Provoked – Infant in the Womb of Warfare (CD)

The clarity in which Provoked start out their “Night of the Livid Punks” really seems to show a different sound than was present in their “Infant in the Womb of Warfare”. New vocalist Kerri has a different sound to eir vocals that really seem sedate in wake of Scaba’s work, which are bolstered well when a second or third vocalist joins in . In fact, the stylistic change in regards to the instruments tends to draw Provoked away from the general sound promoted by the Profane Existence bands and into something closer to GMM Records (Patriot, Ducky Boys). The one thing that can be said about Provoked is that they do come forth with a differing method of assault between these two albums, instead of trying to milk a specific style to its conclusion.

The simple arrangements of the bass lines during “Beatin’ Around The Bush” adds a certain amount of confidence and authority that just are not to be found with arrangements that rapidly grow more chaotic. By “Lumbergh Fucked Em!”, Provoked has decided to change up their style again, this time choosing to excite listeners with an nuanced (yet still speedy) sound that will have listeners focused in more on the interplay of instruments rather than any one constituent part. Each track seems to draw a little more on the track that preceded it, so there is a nice feeling of cohesion (and the necessary experimentation) throughout the entirety of the disc. What really becomes a treat during “Prepare For The Cold” is when another set of vocals join in with Kerri; this has the benefit of breaking up the oft-similar sound of Kerri’s screaming and really allows Kerri to do different things with eir vocals (just take “Discarded Lives”, which has Kerri do a vocal breakdown and nearly speak out a line or two before assuming eir normal role on the disc.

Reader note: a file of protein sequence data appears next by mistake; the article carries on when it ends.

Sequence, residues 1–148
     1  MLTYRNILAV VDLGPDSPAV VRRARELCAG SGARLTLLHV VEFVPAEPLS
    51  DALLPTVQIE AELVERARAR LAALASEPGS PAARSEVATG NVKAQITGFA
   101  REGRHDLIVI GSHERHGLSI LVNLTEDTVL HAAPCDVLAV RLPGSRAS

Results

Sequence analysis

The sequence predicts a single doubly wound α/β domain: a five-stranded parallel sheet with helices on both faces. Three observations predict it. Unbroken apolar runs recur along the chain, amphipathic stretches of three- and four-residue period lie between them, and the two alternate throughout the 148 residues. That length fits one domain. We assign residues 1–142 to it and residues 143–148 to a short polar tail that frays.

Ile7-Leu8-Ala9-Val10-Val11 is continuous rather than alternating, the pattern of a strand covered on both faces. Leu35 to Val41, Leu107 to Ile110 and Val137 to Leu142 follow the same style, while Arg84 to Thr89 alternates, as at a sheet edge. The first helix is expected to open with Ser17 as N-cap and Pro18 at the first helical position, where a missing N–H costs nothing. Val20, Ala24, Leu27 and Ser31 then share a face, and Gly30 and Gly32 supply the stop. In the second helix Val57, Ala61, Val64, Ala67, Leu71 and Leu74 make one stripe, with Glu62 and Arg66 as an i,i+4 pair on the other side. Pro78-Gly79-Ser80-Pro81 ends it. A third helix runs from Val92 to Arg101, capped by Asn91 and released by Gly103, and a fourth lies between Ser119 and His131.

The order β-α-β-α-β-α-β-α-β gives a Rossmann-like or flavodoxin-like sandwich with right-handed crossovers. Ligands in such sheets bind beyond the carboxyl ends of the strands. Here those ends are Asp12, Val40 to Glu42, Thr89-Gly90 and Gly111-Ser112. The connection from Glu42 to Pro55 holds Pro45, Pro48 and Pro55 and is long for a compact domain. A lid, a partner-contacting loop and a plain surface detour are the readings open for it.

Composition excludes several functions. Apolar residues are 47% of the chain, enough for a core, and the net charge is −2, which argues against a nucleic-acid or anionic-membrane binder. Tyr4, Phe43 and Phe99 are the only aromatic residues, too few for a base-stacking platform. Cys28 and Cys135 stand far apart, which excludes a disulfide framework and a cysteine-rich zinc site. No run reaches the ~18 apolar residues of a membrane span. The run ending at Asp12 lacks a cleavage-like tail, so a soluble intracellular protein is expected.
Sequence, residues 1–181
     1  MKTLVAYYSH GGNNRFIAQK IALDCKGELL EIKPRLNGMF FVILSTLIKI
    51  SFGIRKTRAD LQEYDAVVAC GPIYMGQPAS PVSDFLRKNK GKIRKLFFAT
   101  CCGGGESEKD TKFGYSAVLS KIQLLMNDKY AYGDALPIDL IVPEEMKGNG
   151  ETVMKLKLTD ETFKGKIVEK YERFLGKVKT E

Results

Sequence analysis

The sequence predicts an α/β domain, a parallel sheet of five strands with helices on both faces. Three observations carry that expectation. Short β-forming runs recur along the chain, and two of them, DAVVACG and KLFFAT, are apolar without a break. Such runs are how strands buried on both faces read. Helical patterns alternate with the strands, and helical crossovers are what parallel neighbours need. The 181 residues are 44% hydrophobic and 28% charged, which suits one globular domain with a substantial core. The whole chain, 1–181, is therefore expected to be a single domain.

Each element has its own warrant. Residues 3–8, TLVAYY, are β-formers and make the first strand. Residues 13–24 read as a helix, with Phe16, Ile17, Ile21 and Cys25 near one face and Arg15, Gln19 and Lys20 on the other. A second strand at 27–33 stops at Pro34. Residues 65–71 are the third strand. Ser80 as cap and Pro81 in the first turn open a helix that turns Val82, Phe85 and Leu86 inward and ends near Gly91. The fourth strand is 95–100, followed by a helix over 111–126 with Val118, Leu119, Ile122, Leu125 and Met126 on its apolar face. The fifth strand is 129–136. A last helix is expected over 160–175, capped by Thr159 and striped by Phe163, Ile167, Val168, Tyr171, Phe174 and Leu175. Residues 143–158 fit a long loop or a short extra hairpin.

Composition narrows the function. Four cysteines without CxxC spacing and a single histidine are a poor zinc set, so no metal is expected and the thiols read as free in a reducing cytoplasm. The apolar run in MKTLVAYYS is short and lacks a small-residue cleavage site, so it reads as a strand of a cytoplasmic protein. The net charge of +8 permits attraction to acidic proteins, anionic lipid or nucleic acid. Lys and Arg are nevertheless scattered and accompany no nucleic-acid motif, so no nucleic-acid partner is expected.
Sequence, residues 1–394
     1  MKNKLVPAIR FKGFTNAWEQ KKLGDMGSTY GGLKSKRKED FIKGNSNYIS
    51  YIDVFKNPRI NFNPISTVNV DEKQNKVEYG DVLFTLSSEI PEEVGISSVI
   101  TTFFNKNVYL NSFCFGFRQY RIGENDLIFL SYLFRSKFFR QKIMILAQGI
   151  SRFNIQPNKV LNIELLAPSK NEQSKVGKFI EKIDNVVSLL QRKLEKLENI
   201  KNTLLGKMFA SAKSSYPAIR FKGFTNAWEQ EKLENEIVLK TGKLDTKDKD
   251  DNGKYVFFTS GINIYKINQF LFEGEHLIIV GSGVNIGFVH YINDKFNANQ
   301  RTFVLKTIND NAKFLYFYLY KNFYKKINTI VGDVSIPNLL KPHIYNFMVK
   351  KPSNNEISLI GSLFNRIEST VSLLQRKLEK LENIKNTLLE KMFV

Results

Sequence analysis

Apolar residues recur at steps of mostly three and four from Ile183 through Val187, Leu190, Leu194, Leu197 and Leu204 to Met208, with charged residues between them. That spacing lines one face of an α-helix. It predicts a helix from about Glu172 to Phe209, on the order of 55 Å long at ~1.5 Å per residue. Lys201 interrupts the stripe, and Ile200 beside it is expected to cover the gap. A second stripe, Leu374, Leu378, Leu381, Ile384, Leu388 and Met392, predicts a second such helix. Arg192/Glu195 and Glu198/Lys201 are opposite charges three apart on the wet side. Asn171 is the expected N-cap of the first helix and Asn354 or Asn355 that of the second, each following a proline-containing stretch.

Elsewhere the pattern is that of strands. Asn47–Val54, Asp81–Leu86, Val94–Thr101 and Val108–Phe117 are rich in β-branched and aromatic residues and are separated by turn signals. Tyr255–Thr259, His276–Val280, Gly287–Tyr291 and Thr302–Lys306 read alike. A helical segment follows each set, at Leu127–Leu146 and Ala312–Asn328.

The incorporation of even more styles than on the previous album shows a band that can even take aural hints from the guitar work of bands like Bad Religion while throwing on five or six different levels of their own creation (“Old World Traits”). Finishing off the disc with the spastic sounds of “Mad Heads Collide”, Provoked show a nice amount of musical growth that is coupled with a maintenance of much of the sound and fury that made “Prepare For The Cold” such a memorable album. The fact that there was a lineup change between album may make the band sound a little different, but Kerri succeeds in all senses of the term on this album.

Top Tracks: Mad Heads Collide, Beatin’ Around The Bush

Rating: 8.1/10

Provoked – Infant in the Womb of Warfare / 2005 Profane Existence / 10 Tracks / / / Reviewed 11 October 2005


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Author: James McQuiston

Ph.D. in Political Science, Kent State University. I have been the editor at NeuFutur / since I was 15. Looking for new staff members all the time; email me if you are interested. Thanks!

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